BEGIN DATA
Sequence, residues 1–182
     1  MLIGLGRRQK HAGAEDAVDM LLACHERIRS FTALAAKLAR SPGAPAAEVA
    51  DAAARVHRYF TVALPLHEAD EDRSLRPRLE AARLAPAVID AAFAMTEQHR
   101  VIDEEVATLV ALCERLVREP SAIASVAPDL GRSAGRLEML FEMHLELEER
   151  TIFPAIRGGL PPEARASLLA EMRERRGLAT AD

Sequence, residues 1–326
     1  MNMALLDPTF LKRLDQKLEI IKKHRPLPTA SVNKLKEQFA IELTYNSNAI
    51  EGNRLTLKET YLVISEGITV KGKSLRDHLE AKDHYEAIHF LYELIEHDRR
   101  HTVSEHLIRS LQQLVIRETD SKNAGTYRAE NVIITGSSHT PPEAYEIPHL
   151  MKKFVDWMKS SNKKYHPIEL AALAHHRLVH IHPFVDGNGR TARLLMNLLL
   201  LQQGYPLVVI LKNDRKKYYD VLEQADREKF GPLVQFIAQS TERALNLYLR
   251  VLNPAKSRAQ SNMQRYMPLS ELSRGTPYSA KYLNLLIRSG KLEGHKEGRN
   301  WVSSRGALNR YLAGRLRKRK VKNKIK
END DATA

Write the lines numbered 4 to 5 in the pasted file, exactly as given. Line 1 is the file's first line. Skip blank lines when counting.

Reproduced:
   101  VIDEEVATLV ALCERLVREP SAIASVAPDL GRSAGRLEML FEMHLELEER
   151  TIFPAIRGGL PPEARASLLA EMRERRGLAT AD